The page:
When to Say No to Coaching Business Opportunities

Sometimes it’s a smarter move to say ‘NO’ to a new client or opportunity.

But how do you know when to say ‘yes’ and when to say ‘no’? And, what’s the difference between a good opportunity and the RIGHT opportunity for you?

https://prosperouscoachblog.com/coaching-business-opportunitiesThe right opportunities will align with:

  • Your values and strengths.
  • Your work-style preferences.
  • Your business model and vision.

Factor those things into a set of “success criteria”  as a way to filter out your best opportunities before you commit.

Start with Prosperity Thinking

What do all these situations have in common?

  • Enrolling a client for low fees because you’re afraid to charge more.
  • Reducing your fees if a potential client balks because you figure it’s better than losing a client.
  • Continuing to network in a time-consuming way because it might pay off… someday.
  • Saying ‘yes’ to a collaboration or request for a presentation because it feels so good to be asked and you don’t want to let anyone down.

They are all decisions driven by scarcity thinking.

Almost all coaches and service providers find themselves in this pickle at some point. You start out eager for any kind of client or opportunity and wake up one day saddled with clients and client attraction strategies that don’t fit or pay off. It holds you back from the kind of success and enjoyment you want from your coaching business.

To breakthrough this conundrum start by flipping the way you’re thinking about your value and your business. Ask yourself:

If I was already content with my income and in high demand what kinds of clients and opportunities would I pursue or accept?

Dig into this. Give yourself some time to answer from your highest self with integrity and trust. If you’ve been in business a while, use your experience to guide you. If you’re new to your business start with the vision of what you want your coaching business to be like. Consider:

  • your niche and target audience
  • your values and vision
  • your skills and strengths
  • what kinds of clients you enjoy and work best with
  • what kinds of networking or client attraction opportunities would best utilize your strengths
  • what kinds of collaborations with other service providers you’d enjoy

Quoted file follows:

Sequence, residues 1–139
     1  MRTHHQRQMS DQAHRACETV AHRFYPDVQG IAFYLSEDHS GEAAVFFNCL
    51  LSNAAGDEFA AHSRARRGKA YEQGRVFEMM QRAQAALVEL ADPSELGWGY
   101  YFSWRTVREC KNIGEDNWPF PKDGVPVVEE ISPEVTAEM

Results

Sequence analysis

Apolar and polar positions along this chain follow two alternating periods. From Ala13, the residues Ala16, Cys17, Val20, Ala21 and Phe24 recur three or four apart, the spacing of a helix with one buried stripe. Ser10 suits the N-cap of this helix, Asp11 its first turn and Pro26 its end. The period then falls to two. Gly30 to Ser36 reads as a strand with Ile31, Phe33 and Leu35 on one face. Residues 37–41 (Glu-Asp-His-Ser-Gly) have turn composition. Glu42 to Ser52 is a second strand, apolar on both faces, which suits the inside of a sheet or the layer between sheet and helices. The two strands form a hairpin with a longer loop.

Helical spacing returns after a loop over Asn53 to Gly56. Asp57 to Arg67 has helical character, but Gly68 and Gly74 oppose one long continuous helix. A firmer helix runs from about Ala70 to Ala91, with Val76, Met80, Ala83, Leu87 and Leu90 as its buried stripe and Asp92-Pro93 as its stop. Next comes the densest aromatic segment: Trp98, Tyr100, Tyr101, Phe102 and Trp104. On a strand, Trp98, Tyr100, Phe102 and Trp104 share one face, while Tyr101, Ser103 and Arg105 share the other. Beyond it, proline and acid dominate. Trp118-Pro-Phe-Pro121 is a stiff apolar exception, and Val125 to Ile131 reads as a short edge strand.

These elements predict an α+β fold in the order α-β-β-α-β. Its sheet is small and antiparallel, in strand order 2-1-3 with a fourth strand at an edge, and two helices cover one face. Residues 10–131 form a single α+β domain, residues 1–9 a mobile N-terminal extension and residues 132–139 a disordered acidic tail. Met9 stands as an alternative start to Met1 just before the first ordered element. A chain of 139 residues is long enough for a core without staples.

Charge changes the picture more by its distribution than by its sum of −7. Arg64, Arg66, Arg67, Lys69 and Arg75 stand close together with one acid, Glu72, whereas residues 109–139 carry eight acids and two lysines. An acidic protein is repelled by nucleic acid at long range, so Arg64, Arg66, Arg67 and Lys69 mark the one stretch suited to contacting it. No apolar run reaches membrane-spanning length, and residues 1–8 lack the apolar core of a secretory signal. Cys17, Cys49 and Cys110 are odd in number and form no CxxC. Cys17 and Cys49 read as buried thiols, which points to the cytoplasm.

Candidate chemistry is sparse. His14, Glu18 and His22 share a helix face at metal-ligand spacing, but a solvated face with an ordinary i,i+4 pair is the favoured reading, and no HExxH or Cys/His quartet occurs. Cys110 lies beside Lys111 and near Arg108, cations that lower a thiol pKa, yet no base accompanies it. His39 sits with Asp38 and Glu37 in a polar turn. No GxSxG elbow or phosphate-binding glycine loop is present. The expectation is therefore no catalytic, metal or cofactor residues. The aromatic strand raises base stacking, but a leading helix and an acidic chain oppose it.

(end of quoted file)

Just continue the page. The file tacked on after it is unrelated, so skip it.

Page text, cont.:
Use Success Criteria to Uncover Right Opportunities

Your success criteria might be very different than mine. And I thought it might be helpful for you to see an example as you put yours together.

Before I say “YES!” to any new networking opportunity or client attraction process, I determine whether it:

  • Gives me exposure to ideal prospects in my target audience.
  • Has the potential to pay me well by boosting my list or enrolling ideal clients.
  • Allows me to work in a way I enjoy.
  • Builds my credibility and brand.
  • Helps me create resources, infrastructure or marketing pieces that I can reuse.

Before I enroll new clients I ask myself if they seem like the type of person who:

  • Invests in their own success.
  • Will show up, be present and do their work.
  • Is open to collaboration and change.
  • Takes responsibility for their decisions and actions.
  • Is heartful, has integrity and a sense of humor.
  • Would be fun to connect with.

The year I started making business decisions with these Success Criteria:

  • My satisfaction with my coaching business soared, because all my clients were ideal.
  • My clients stayed longer, made more progress, and referred more clients.
  • The marketing opportunities I said ‘yes’ to put me in front of more ideal prospects, generating more qualified leads and boosting my revenue.
  • My income doubled while I worked fewer hours, leaving me time for more clients and high payoff opportunities.

Share your success criteria and ask any questions HERE. I can’t wait to see what’s guiding you to the best clients and opportunities in your business.

6 thoughts on “When to Say No to Coaching Business Opportunities

  1. Really good advice you have offered here Rhonda. I’ve seen way too many small business owners following the scarcity approach. Once there, it’s a tough trap for them to get out of. But it can be done. Your step by step approach is a really good way to look at it. Thanks for sharing your wisdom with the world.

  2. Hi Rhonda! Thanks for the great post. It is so true of what I’ve experienced as a coach. When I say yes to clients and opportunities that align withe things are great. When I don’t things go wrong or I’m unhappy. Thanks for spelling out some great criteria!

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